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Whats the difference in these network setups?

Discussion in 'Networking Issues' started by SAPo57, Mar 31, 2006.

  1. SAPo57

    SAPo57 Network Guru Member

    (INTERNET)===MODEM===SWITCH===ROUTER===ROUTER



    OR



    (INTERNET)===MODEM===SWITCH===ROUTER(both conneted to

    switch)



    OR



    (INTERNET)===MODEM===ROUTER===ROUTER


    OR




    (INTERNET)===MODEM===ROUTER===SWITCH===ROUTER


    In network diagrams 1-4, which one will work more efficient for gaming,less packet delay,etc.?

    Does the different positions that the routers and switch take, affect the network performance?
    If it does what'll happen in diagram #2 where the switch connects both routers(seperately in each network port), does it create less delay in data getting in&out from the modem?
     
  2. RTSAnime

    RTSAnime Network Guru Member

    Internet - Modem - Router1 - Router2

    Make sure DHCP is disabled on router2 and that you connect the 2 via LAN ports on both routers.
     
  3. SAPo57

    SAPo57 Network Guru Member

    Why should DHCP be disabled on router2 if it works fine for me?
     
  4. RTSAnime

    RTSAnime Network Guru Member

    You should only have 1 DHCP server on your network. Otherwise you can run into issues with computers not being able to talk to each other. Also Router1 and Router2 have to have different IP addresses (ie. 192.168.1.1 and 192.168.1.2)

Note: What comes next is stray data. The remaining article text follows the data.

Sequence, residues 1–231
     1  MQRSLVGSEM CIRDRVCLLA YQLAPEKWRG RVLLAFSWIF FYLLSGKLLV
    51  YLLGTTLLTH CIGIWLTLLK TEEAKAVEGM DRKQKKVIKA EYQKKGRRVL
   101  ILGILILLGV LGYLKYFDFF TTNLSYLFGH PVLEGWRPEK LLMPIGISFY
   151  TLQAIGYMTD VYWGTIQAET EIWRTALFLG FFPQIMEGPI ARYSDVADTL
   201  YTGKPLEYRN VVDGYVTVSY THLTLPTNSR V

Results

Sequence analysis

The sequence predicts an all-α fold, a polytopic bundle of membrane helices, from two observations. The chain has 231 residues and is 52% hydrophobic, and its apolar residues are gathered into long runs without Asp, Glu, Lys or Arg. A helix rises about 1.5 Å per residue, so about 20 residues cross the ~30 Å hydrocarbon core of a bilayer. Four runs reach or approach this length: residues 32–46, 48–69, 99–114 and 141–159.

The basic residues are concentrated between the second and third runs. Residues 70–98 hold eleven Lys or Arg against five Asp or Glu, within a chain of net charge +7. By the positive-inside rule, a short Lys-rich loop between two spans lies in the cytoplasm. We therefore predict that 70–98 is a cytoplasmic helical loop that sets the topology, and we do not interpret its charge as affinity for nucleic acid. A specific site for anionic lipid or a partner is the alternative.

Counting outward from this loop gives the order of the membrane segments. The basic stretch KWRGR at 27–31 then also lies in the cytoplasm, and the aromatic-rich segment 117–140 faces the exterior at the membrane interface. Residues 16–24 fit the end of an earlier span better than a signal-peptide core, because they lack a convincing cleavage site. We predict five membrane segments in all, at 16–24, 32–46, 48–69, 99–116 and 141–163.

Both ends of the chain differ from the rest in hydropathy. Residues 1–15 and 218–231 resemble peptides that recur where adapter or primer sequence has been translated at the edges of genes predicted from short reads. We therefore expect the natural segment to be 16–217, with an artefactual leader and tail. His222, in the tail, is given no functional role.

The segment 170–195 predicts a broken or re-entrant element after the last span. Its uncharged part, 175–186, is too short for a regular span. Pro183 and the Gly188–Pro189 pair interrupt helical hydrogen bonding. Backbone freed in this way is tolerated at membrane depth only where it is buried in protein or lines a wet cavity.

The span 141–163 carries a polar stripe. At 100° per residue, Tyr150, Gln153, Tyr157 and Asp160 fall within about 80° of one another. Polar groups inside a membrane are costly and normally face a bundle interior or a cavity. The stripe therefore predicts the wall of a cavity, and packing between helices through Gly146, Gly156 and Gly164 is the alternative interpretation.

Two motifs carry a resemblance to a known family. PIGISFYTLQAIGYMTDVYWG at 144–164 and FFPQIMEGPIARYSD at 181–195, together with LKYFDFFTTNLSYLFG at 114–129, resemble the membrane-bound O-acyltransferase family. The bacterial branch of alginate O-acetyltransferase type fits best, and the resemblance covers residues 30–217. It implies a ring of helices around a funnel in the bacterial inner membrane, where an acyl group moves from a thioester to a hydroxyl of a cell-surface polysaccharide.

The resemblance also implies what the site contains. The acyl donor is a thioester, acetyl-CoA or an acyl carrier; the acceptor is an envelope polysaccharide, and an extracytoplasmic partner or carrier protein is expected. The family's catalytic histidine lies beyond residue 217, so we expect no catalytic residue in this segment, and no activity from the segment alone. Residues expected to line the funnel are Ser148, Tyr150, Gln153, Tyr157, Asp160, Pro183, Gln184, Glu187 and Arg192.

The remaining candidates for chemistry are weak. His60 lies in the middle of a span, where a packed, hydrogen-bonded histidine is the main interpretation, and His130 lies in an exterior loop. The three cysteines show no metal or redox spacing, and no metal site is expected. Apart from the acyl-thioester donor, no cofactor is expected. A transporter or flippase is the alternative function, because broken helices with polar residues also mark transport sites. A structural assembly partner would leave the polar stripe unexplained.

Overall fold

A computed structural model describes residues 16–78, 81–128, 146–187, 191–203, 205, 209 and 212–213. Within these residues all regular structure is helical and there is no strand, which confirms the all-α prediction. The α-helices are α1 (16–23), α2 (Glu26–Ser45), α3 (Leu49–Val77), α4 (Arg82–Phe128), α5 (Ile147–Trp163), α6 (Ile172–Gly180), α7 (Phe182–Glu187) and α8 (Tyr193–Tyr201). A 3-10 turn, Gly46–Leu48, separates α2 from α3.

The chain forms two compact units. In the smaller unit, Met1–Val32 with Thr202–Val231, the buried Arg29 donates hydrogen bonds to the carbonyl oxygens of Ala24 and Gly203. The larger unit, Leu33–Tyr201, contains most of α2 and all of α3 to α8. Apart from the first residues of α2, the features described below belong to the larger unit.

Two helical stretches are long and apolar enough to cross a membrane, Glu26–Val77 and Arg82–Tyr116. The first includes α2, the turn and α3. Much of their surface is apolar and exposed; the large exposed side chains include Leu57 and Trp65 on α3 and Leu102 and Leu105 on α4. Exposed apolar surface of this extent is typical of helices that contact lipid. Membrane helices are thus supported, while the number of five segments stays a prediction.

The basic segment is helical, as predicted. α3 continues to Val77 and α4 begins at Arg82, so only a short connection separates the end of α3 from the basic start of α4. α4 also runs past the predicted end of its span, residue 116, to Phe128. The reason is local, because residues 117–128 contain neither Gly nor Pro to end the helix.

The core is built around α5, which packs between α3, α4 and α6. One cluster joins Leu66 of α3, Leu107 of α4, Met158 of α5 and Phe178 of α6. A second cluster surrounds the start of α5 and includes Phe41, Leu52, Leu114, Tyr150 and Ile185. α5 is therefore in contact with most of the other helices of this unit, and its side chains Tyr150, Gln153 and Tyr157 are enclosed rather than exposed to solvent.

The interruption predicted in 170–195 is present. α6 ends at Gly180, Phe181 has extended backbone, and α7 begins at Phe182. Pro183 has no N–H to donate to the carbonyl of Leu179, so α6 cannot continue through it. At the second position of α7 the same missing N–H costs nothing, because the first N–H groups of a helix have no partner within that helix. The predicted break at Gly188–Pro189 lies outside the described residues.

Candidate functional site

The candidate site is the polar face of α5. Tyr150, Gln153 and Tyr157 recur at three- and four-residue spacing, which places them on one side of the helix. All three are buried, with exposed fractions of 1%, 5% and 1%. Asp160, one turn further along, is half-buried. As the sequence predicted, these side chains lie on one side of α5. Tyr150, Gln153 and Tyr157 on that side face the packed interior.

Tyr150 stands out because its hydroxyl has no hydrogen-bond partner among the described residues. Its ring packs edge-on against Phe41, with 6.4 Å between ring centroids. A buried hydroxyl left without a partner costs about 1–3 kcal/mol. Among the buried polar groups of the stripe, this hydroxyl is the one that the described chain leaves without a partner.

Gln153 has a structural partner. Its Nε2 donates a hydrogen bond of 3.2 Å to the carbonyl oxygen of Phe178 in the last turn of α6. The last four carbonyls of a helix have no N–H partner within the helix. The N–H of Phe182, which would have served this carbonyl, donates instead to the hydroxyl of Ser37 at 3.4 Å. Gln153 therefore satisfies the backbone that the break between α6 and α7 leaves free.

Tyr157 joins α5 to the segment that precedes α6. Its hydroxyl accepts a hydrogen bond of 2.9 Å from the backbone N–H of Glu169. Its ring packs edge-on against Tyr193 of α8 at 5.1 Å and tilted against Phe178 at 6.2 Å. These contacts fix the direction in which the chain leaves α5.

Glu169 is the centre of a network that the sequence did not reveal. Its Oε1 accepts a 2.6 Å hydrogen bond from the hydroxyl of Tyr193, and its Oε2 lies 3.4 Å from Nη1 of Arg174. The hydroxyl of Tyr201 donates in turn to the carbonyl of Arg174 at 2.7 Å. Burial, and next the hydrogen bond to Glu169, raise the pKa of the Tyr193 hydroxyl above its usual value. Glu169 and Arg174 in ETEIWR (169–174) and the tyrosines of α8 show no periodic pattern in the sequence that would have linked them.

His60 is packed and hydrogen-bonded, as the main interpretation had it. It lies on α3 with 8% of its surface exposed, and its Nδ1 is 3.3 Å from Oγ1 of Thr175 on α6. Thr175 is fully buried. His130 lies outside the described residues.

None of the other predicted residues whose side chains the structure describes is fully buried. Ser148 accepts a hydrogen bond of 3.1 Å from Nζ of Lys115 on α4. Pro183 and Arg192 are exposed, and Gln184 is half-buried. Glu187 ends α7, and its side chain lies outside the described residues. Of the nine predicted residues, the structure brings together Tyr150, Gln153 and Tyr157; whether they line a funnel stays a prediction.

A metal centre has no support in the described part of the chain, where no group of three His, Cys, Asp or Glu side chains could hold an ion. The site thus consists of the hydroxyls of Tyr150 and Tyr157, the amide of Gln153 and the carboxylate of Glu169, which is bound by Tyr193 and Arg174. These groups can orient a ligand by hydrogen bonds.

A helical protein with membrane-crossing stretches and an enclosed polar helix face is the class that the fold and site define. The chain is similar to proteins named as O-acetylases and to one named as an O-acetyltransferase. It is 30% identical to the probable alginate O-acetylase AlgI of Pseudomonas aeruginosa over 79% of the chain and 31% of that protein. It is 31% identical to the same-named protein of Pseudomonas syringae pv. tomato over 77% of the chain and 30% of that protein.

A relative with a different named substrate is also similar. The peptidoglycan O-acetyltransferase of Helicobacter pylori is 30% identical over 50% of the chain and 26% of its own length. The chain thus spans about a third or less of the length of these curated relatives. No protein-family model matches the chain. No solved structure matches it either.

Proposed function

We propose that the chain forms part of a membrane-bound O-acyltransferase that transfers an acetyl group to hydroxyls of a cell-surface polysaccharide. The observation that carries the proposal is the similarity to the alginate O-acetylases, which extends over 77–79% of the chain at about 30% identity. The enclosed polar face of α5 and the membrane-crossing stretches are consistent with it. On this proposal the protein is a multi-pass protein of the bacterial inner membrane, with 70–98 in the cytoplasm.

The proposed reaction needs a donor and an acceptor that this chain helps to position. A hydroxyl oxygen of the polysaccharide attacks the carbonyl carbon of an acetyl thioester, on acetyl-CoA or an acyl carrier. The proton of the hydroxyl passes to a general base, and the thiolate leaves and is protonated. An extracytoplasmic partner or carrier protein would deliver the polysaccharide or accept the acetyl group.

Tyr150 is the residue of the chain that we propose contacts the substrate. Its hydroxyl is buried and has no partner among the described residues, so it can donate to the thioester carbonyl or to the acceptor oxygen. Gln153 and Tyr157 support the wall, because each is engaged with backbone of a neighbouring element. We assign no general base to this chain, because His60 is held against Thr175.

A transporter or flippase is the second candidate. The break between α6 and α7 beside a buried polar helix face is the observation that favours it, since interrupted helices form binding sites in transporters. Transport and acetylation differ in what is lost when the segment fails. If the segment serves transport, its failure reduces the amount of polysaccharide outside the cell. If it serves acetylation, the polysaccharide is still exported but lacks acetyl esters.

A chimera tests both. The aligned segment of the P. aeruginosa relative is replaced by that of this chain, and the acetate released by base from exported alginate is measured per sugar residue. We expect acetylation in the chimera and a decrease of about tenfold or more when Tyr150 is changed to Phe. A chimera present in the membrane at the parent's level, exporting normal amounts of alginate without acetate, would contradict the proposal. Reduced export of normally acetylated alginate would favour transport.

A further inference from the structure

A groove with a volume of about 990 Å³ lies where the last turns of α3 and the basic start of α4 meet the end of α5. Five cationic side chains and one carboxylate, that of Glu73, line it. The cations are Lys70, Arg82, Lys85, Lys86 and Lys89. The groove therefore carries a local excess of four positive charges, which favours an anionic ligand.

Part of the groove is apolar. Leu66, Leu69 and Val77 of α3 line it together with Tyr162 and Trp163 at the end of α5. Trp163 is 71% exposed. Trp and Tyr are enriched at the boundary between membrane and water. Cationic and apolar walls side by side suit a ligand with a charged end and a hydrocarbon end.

5. Toxic

    Toxic Administrator Staff Member

    Router1 also needs to be in Gateway mode, and router 2 in Routed mode. what is the physical length of the LAN?
     
  6. SAPo57

    SAPo57 Network Guru Member

    Both have different IP ranges 192.168.15.1 & 192.168.1.1



    i too need router two as gateway to connect to the internet
     
  7. Toxic

    Toxic Administrator Staff Member

  8. SAPo57

    SAPo57 Network Guru Member

    Thanks toxic, but now it's really a problem this time.


    This is what im doing right now: I am configuring both routers to be on the same subnet as my DSL MODEM/ROUTER. I'm also using the modem's DHCP IP range192.168.1.1~192.168.1.253 to divide it into three groups of different IP ranges for each router to use.


    SUBNET MASK: 255.255.255.0
    Network IP = 192.168.1.0
    Broadcast IP= 192.168.1.255
    DSL modem IP(local)= 192.168.1.254
    Useable Host IP's= 192.168.1.1~192.168.1.253


    Here's what I've done so far:

    -Set Router#1 to use local IP address 192.168.100 & DHCP range is 192.168.1.1~192.168.1.50
    -Set Router#2 to use local IP address 192.168.1.200 & DHCP range is 192.168.1.120~192.168.1.170
    -DSL Modem/Router to have DHCP IP range 192.168.1.210~192.168.1.253

    *The reason why I set random IP addresses to be configured is for security purposes.

    (INTERNET)===MODEM===ROUTER#1===ROUTER#2

    The problem is that after configuring Router#1 to be on the same subnet as my Modem/Router it doesn't receive a GATEWAY address to connect to the internet(The modem's local IP address).

    Router#2 receives it's GATEWAY address, which is Router#1, but also cannot connect to the internet. Am I missing out on something in this network setup?
     
  9. SAPo57

    SAPo57 Network Guru Member

    NEVERMIND... i just needed to change my subnet mask to 255.255.255.192 in order for the IP ranges can be divided in three groups and the routers can now communicate with one another. FROM here on I've configured everything properly, so it looks like I don't need no more help.
     

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